Alternative Forages and Sample Wintering Rations for Beef Cows
Table of Contents
Beef cow feeding costs are the largest expense for the cow-calf sector. An Ontario benchmark project determined that in 2006 and 2007 feed costs were 62% and 63% respectively, of the overall operating costs for the high profit farms (Ontario Beef Cow Calf Summary Cow Calf Analysis Program, 2006 and 2007). Cow feed has a large impact on the cows health, so costs and nutrition must be balanced. Cow producers are encouraged to familiarize themselves with new feeds, their nutritional parameters and feeding strategies to benefit their operation. This factsheet presents options for reducing feeding costs while supplying a healthy ration to the cow.
This factsheet is written using common units used by the beef industry. The use of imperial measurements represents the industry standards.
Forage is the foundation of a cows ration. There are numerous aspects to consider when formulating in properly stored forages.
Stored Forage Shortage
In the event of a stored forage shortage, there are a number of strategies that can be implemented to substitute or stretch forage resources. The most important is to substitute other straws, stovers and residues for hay. The extent to which this substitution can be used is a function of the straw quality and the cows stage of production.
Table 1 ranks some common alternative forages (as well as a few other feeds) in terms of nutrient analysis on a dry matter basis, including forage digestibility and crude protein levels. Neutral detergent fibre (NDF) is a measure of how well a feed stimulates rumination. Rumination is an important part of the process by which cows digest food. Paying attention to the effective neutral detergent fibre (eNDF) as a percentage of total neutral detergent fibre, may become important to the beef cow/calf sector as it has in the dairy sector, as alternative forage sources are investigated. Sufficient eNDF will stimulate chewing, salivation and rumination, promoting a healthy pH in the rumen to maintain feed intake levels.
Table 1. Forages and their nutritional analysis based on dry matter basis.
Note: CP = crude protein; TDN = total digestible nutrient
Source: Nutrient Requirements of Beef Cattle, 7th Revised Edition 1996, Appendix Table 1A, except those denoted as 1 which are from the Nutrient Requirements of Small Ruminants, 2007, Table 1511.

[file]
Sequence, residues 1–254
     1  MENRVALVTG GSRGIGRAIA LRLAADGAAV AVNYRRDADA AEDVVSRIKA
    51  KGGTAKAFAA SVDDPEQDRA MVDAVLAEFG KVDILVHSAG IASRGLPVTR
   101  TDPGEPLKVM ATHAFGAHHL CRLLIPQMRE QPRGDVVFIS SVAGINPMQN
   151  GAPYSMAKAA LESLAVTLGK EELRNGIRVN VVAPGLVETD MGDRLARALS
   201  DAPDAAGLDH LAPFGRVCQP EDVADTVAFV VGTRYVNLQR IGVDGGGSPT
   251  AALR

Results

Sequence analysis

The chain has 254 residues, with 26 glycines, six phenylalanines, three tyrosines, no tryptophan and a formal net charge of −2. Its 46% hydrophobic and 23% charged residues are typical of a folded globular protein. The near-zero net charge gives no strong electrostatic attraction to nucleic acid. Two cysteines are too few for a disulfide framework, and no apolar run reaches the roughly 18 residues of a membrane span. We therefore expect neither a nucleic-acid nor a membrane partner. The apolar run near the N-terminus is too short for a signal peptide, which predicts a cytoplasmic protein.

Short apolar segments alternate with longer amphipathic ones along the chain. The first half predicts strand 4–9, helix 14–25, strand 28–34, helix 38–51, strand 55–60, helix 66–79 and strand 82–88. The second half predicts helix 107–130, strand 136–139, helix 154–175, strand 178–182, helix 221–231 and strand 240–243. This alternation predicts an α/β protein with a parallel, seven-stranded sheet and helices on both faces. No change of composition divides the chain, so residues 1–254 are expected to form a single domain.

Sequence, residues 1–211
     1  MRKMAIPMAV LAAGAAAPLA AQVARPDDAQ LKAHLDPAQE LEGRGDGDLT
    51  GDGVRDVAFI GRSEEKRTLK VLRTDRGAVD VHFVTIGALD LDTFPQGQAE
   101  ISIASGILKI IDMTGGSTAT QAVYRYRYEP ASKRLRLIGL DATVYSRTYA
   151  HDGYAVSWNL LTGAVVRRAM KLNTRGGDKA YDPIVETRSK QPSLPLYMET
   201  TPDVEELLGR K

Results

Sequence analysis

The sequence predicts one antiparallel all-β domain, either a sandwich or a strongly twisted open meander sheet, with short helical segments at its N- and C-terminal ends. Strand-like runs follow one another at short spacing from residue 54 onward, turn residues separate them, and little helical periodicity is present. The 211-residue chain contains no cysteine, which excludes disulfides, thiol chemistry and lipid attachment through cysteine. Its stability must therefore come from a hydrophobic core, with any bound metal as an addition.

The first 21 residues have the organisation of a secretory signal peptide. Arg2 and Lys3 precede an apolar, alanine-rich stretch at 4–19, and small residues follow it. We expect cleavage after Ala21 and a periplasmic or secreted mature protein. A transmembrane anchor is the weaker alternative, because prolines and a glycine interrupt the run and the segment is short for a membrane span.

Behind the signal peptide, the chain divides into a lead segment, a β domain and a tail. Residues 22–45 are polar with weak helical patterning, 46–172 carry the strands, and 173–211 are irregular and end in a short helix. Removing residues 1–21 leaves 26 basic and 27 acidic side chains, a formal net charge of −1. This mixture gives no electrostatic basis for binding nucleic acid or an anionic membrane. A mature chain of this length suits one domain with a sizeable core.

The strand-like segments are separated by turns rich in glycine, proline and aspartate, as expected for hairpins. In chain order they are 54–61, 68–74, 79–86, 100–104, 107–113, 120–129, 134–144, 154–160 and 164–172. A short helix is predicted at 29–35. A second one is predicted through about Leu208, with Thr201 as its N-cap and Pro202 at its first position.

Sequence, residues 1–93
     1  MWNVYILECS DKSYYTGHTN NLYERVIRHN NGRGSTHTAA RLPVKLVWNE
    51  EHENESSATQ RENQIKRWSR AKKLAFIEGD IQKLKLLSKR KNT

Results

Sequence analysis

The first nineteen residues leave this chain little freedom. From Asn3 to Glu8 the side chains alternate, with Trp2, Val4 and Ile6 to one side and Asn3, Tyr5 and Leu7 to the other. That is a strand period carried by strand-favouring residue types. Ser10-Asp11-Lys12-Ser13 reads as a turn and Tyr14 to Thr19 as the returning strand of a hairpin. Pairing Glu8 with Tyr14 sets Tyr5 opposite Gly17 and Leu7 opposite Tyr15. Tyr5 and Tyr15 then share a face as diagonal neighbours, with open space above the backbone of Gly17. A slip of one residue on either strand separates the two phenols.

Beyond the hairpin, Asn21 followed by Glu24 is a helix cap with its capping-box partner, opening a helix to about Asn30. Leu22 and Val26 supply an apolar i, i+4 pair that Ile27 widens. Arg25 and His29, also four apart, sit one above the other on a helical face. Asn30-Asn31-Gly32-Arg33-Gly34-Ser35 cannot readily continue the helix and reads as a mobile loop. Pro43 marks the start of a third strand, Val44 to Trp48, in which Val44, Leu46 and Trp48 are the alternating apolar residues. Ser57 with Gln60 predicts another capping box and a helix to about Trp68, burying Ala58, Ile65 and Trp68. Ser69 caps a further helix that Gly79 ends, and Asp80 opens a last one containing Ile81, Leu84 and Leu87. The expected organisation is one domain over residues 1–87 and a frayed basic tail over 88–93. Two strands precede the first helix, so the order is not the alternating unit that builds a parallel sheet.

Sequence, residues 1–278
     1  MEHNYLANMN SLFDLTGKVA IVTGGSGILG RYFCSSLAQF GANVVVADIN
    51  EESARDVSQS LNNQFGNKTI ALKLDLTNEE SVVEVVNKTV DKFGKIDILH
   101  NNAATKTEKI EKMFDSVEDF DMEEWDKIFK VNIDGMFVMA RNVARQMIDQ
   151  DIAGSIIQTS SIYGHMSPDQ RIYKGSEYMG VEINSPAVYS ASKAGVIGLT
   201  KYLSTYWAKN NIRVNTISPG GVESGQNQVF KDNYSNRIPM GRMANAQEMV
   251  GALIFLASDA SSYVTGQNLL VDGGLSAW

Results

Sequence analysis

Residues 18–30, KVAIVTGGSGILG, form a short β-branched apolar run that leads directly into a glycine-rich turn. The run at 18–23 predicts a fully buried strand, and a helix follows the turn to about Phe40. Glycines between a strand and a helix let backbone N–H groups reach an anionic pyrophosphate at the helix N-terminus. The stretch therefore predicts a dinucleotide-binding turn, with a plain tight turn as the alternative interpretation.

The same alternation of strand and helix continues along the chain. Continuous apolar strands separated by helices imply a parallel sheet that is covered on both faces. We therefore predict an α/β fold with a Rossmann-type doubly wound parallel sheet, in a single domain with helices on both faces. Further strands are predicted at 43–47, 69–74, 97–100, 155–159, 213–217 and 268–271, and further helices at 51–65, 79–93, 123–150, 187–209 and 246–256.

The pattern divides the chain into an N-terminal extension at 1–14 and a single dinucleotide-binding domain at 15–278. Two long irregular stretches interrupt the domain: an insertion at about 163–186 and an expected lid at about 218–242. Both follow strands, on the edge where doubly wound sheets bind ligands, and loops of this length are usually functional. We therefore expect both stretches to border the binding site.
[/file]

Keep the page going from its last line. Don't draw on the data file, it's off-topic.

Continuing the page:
A long-term trend in Ontario has been the conversion of forages to crop land. According to Statistics Canada Census of Agriculture, long-term increases in soybeans, wheat and corn changed from 28%57% from 19762011. This overall reduction in forages makes the use of residues or other forages in beef rations critical.
Producers can use various strategies for cattle feed and nutrient management, but crop management can be effective also in dealing with a forage shortage.
One of the best opportunities to create more forage will be via the planting and harvesting of annuals after the current winter wheat crop for winter feed. Since winter wheat is harvested in July, there are opportunities to plant alternative forages in late July and August. Early summer is the time to plan for the following:
Figure 1. Beef per acre calculations based on laboratory analysis of forage plots after winter wheat. OMAFRA 2013.
The results are by fertility rate (lbs nitrogen per acre) for the various forage crops, each reported at their optimal seeding rate (lbs per acre) as demonstrated on 2012 plots by forage type. Specifically, oats and barley reported here were seeded at 70 lb and 90 lb per acre respectively, and the oat/pea mix at twice that rate across the varying nitrogen applications.
Until more tillable acres in Ontario are used for perennial forages, the ability to meet forage needs will be strongly associated with using harvested cash crop land to supply forages. Producers will need to be aggressive in finding forage alternatives, but also in creating forage supply by double cropping or using higher yield forage for both grazing and stored feeds.
Forage Replacement Strategies Commodity and Hay Rations